Sunday, March 13, 2016

New reviews of old albums (1)

Maybe this will become a series, or may it'll be a one-off, but I've decided to write a short review of a couple of albums I finally got around to listening to in the last couple of weeks.  Back in Arlington, VA, the library system stopped buying music CD's a few years ago, but I've recently discovered the Dallas Public Library is pretty up to date when it comes to music (for instance, they've got the newest Disclosure album).  So I'm hoping to easily catch up on some releases without having to buy or torrent.

First up have been the last two albums released by Gil Scott Heron before he passed away in 2011.  In 2010 he put out "I'm New Here"and 2011 saw the release of "We're New Here", which was billed as a remix of the entire album by Jamie XX.  Both came out on XL recordings.  I'm glad that my lateness has meant that I've been able to hear both records back to back, as that's been an interesting experience.

I got "I'm New Here" a couple of weeks before the Jamie XX remix version.  Overall, it's a good album, and it really does work as an album.  To me it seems like a goodbye album, as if Scott-Heron knew it was going to be one of his final pieces of work and wanted to wrap things up.  He talks about his life and how he was raised, the people involved in him turning into the man he became.  It's a bit like the final Bowie album in that it seems like music from a person who knows things are drawing to a close.  But unlike "Black Star", "I'm New Here" is much more straightforward lyrically, very direct and comprehensible.

While listening to it I did wonder about the production and how much input Scott-Heron did or didn't have in that regard.  It's quite stark, with mostly minimal beats and bass highlighting the lyrics and Scott-Heron's cadence.  I can easily imagine the voice tracks being laid down and then the production happening around them completely separately; I believe production was handled by the head of XL Recordings.  On the one hand it all sounds quite fine, but on the other it's very of it's time and I have a feeling it won't age well -- it's very electronic, very 2010, and it already sounds a bit dated.  That's a shame as it stops the album from feeling very essential, even though lyrically I feel like Scott-Heron has a lot to say. The track I'm putting here is a bit of an anomaly as it's one of the few that isn't so electronic:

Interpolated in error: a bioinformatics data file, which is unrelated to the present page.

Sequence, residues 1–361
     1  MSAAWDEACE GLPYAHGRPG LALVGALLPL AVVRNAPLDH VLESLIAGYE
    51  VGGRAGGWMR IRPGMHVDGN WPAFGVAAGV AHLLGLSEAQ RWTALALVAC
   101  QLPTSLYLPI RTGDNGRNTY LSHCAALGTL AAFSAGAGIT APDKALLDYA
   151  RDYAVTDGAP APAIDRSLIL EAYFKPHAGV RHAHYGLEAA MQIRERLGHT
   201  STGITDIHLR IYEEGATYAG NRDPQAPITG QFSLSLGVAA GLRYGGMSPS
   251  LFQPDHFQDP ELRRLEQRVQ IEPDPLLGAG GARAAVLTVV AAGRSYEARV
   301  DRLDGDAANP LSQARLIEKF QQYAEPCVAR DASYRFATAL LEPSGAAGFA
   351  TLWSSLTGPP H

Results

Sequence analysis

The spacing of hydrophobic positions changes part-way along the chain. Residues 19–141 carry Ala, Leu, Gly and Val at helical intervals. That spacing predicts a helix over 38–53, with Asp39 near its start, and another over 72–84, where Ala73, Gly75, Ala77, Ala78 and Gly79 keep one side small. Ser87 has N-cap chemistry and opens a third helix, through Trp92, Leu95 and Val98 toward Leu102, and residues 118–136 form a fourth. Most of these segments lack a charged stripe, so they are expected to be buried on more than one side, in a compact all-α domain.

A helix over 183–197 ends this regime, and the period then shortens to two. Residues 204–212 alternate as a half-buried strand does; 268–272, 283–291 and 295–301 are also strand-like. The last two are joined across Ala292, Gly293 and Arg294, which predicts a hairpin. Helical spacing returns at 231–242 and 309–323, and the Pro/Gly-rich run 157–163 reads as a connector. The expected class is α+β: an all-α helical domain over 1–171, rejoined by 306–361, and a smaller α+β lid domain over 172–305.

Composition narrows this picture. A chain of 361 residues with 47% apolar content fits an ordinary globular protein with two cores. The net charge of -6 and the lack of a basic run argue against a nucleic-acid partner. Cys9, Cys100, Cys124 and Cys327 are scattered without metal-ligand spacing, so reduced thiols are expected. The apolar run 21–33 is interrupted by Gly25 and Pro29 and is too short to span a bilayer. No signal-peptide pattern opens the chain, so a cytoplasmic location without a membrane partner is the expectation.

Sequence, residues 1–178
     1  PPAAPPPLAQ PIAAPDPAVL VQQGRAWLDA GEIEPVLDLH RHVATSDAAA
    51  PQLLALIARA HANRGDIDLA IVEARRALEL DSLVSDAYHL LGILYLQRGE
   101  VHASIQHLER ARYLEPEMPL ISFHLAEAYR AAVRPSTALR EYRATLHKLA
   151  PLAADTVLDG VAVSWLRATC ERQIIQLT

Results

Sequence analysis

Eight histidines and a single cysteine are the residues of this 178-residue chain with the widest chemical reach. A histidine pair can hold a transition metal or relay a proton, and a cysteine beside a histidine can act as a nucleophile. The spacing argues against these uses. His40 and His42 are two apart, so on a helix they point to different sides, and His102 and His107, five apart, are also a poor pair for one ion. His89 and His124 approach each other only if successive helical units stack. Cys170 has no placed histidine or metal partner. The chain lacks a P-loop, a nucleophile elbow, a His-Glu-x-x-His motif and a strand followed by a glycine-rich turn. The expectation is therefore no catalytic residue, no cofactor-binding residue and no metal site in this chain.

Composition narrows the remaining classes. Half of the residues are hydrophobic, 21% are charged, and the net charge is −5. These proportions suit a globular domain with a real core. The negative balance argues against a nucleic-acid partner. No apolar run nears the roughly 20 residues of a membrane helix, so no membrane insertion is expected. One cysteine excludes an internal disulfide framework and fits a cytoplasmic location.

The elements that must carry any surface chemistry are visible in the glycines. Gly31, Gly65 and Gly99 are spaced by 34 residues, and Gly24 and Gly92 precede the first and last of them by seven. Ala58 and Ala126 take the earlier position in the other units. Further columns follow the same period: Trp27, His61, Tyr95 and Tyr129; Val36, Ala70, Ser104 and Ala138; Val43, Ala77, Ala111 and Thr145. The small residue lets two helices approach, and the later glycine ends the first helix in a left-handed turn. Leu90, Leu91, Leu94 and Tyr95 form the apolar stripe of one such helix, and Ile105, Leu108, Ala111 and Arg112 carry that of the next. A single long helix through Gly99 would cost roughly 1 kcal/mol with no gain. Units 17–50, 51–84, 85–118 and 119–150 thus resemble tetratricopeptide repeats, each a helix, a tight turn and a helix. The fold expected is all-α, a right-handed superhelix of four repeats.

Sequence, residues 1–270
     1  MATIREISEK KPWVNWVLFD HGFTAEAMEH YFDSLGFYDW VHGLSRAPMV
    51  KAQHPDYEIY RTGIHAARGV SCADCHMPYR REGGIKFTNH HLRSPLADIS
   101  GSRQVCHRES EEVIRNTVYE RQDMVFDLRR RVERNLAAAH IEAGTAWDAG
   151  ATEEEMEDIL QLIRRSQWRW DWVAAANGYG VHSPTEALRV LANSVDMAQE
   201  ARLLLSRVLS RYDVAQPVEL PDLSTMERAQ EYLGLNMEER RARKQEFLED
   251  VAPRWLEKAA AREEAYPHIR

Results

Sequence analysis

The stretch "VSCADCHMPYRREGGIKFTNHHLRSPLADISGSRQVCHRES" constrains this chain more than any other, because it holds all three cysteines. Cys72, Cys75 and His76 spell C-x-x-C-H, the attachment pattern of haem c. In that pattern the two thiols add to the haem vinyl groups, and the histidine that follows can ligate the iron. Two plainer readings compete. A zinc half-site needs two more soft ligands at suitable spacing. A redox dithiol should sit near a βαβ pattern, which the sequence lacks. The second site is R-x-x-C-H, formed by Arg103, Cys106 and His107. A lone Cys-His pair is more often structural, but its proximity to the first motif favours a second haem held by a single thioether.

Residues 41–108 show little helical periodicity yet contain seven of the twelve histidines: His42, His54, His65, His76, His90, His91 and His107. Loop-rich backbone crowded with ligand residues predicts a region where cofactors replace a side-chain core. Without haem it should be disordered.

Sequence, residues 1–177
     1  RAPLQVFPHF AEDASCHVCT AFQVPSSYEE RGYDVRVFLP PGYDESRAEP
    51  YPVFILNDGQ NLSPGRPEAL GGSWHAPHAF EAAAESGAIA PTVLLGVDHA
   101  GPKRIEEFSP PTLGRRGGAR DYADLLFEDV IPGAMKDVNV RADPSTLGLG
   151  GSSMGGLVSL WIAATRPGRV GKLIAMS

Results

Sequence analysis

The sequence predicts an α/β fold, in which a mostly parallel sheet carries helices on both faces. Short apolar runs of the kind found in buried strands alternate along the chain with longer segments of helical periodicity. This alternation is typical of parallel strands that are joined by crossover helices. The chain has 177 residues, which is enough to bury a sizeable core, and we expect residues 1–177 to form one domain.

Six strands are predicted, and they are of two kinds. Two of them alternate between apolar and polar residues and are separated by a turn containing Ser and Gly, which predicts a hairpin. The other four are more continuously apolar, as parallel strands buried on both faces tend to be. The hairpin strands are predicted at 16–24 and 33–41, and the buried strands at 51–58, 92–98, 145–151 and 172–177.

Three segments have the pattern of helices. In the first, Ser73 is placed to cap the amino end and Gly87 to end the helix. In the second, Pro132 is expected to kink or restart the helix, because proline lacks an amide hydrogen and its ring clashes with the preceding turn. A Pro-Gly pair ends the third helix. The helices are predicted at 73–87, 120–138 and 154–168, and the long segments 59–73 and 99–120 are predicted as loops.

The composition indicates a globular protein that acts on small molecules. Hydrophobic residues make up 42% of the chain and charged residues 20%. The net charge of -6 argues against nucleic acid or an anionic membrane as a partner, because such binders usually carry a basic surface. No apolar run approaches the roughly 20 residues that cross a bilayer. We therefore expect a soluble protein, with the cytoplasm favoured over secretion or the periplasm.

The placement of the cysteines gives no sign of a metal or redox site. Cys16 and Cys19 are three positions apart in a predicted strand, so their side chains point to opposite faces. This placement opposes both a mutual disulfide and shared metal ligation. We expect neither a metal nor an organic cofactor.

Well, that may not sound wholly positive, but I do think it's an album worth checking out.  That's not something I can say about the Jamie XX version. I'm not sure what went wrong with "We're New Here" but I found it very disappointing. The title, and the write-ups at the time, made it sound like some sort of joint effort between Scott-Heron and Jamie XX, but it really is a remix album, and not in a good way.  The remixes are similar to a lot of more modern remixes in that there is barely a hint of the original songs left.  This is basically a Jamie XX album with some Scott-Heron samples, and even then, most of the time, the samples are so far in the background that it could be anyone.  In fact, for some of the tracks, having no Scott-Heron at all would probably have been better.  It's a disservice to him to just have snippets of his voice mumbling away behind everything else.  It really is quite jarring at times -- there really seems to be no connection between the music and the lyrics at all, for instance, in album opener "I'm New Here".  My guess is that it has something to do with the fact that Jamie XX was very early into his solo work when he did this; it almost seems like a practice run, which is OK, except it got released and was even well-reviewed when it came out.